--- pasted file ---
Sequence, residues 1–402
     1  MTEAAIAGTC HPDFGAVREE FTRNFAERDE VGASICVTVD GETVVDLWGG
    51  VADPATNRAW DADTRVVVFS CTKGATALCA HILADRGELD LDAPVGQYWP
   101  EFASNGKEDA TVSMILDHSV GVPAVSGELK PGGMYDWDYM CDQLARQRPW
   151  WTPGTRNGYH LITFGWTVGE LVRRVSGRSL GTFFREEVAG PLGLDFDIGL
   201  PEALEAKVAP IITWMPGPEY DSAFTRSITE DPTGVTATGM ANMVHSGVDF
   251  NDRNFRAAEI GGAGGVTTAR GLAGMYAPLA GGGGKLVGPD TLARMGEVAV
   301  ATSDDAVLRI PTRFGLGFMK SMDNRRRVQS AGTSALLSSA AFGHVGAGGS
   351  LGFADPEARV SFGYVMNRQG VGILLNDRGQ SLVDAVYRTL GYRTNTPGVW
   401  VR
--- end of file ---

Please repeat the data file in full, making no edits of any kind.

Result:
Sequence, residues 1–402
     1  MTEAAIAGTC HPDFGAVREE FTRNFAERDE VGASICVTVD GETVVDLWGG
    51  VADPATNRAW DADTRVVVFS CTKGATALCA HILADRGELD LDAPVGQYWP
   101  EFASNGKEDA TVSMILDHSV GVPAVSGELK PGGMYDWDYM CDQLARQRPW
   151  WTPGTRNGYH LITFGWTVGE LVRRVSGRSL GTFFREEVAG PLGLDFDIGL
   201  PEALEAKVAP IITWMPGPEY DSAFTRSITE DPTGVTATGM ANMVHSGVDF
   251  NDRNFRAAEI GGAGGVTTAR GLAGMYAPLA GGGGKLVGPD TLARMGEVAV
   301  ATSDDAVLRI PTRFGLGFMK SMDNRRRVQS AGTSALLSSA AFGHVGAGGS
   351  LGFADPEARV SFGYVMNRQG VGILLNDRGQ SLVDAVYRTL GYRTNTPGVW
   401  VR